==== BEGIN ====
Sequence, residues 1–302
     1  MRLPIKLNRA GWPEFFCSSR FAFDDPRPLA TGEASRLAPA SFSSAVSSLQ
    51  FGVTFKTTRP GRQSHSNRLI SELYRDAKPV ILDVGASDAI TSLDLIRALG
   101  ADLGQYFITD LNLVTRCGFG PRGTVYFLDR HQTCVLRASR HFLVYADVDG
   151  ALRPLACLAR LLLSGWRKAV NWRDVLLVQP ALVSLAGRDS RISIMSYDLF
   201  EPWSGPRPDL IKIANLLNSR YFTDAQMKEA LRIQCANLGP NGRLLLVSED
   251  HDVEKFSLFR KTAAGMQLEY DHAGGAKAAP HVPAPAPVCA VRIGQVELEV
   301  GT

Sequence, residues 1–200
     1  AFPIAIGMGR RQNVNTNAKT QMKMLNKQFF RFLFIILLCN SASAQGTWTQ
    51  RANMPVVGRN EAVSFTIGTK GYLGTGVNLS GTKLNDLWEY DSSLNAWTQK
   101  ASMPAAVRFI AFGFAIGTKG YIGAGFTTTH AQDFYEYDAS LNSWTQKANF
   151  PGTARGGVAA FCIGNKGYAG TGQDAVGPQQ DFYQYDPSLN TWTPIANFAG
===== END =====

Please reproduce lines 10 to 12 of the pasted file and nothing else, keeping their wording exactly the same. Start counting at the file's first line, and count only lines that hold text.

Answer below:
     1  AFPIAIGMGR RQNVNTNAKT QMKMLNKQFF RFLFIILLCN SASAQGTWTQ
    51  RANMPVVGRN EAVSFTIGTK GYLGTGVNLS GTKLNDLWEY DSSLNAWTQK
   101  ASMPAAVRFI AFGFAIGTKG YIGAGFTTTH AQDFYEYDAS LNSWTQKANF